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This week’s most important headlines out of and about Africa.
In this week’s news, Africa takes home the gold at the Olympics, an Olympian uses his win to protest violence in his home country, and John Kerry plans an Africa trip.
Ten Gold Medals Go to African Continent
The 2016 Olympics have concluded, and it’s time to look at the scores. Several African nations competed, bringing home a combined total of 44 medals for the continent, 10 of which were gold.
Kenya won the most medals of any African nation: they won 13 medals, 6 of which were gold. South Africa came second with 10 medals, two of which were gold. Ethiopia was third with 8 medals, and 1 gold. The final gold medal was won by the Ivory Coast.
Runner Unable To Return Home After Olympic Win
While most Olympic participants celebrated their win, Feyisa Lilesa of Ethiopia instead used his moment of glory to draw attention to injustices back home. Lilesa won the silver medal in the men’s marathon, and as he crossed the finish line, he raised his arms in a cross above his head.
The gesture is a symbol of the Oromo people of Ethiopia, a group to which Lilesa belongs. He explained later at a press conference that the Oromo people have had their lands stolen and suffered other injustices by the Ethiopian government, leading to protests in which the Oromo and other protestors are jailed or killed.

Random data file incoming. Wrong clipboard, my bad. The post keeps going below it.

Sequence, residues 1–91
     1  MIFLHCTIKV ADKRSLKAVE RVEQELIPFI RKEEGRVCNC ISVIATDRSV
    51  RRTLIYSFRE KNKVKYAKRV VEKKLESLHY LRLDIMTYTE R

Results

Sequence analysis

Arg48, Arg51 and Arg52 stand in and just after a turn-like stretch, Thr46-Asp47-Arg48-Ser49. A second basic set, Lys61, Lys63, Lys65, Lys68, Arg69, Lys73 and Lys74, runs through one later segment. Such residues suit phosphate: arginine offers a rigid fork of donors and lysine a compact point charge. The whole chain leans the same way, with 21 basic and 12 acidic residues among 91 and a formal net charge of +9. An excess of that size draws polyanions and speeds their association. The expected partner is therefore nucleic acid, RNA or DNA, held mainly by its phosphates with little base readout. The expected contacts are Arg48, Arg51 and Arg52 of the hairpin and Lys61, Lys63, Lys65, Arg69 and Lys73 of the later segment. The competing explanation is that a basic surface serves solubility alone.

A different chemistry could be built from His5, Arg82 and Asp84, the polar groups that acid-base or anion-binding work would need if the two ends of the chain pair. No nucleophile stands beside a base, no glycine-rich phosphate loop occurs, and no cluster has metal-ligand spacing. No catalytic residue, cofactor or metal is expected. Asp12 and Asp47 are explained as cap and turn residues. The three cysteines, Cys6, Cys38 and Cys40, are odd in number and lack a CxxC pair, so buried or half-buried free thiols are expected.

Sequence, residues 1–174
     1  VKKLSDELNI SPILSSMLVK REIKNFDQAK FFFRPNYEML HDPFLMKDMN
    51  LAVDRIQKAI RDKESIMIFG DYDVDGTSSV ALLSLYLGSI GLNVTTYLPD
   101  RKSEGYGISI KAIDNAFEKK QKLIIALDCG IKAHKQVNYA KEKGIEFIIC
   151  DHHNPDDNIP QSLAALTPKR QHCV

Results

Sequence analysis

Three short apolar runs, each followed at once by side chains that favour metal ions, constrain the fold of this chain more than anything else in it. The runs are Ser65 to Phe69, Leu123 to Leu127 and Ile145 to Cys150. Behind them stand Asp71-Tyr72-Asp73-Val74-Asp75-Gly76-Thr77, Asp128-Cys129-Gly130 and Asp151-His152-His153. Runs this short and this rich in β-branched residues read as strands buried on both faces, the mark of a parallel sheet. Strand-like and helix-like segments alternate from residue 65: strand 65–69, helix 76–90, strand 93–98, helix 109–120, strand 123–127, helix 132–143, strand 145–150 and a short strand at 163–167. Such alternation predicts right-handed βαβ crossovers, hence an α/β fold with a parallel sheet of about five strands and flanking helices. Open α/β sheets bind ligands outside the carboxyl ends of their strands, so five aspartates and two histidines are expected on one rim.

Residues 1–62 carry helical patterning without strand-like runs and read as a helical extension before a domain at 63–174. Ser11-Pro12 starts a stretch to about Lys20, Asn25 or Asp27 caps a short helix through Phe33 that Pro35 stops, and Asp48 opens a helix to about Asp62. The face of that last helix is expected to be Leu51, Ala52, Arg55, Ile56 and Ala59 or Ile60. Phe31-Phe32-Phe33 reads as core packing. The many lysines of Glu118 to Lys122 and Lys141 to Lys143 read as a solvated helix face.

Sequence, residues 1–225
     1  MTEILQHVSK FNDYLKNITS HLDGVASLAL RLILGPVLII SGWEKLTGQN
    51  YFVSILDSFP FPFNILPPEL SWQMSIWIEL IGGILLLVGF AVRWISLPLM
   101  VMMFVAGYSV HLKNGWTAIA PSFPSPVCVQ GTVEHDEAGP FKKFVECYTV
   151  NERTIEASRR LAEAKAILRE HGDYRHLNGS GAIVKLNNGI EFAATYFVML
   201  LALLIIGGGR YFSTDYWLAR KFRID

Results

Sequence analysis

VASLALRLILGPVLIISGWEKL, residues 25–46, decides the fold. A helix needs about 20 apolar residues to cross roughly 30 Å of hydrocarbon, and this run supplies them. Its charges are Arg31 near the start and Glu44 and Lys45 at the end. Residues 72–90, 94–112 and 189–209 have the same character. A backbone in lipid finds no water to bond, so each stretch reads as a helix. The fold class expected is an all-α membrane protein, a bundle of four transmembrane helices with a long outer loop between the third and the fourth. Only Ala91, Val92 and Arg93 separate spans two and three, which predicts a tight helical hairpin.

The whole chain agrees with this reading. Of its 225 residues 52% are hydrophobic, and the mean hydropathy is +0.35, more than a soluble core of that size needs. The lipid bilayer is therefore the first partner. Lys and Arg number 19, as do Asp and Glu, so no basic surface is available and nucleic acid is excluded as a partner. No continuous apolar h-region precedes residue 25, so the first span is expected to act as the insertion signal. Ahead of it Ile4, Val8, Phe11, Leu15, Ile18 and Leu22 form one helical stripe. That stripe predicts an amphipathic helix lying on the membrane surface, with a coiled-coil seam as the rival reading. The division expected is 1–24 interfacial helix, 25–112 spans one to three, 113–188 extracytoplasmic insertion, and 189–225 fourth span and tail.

Lilesa says that he will not be able to return to Ethiopia as a result of his display. He may also lose his medal because the International Olympic Committee prohibits any political display by the event’s participants.
Kerry To Meet With African Leaders
U.S. Secretary of State John Kerry is traveling to Kenya and Nigeria this week. Kerry will meet with leaders from eight African nations in order to discuss how to stabilize South Sudan and Somalia.
Parts of central and east Africa have suffered violence for decades as a result of the conflicts in these countries, including a civil war in South Sudan in 2013. Kerry will meet with officials from Kenya, Uganda, South Sudan, Sudan, Djibouti, Tanzania, Somalia and Ethiopia. He will be there to discuss ways to implement peace, provide aid and create economic and political stability in South Sudan, Somalia, and their neighboring nations.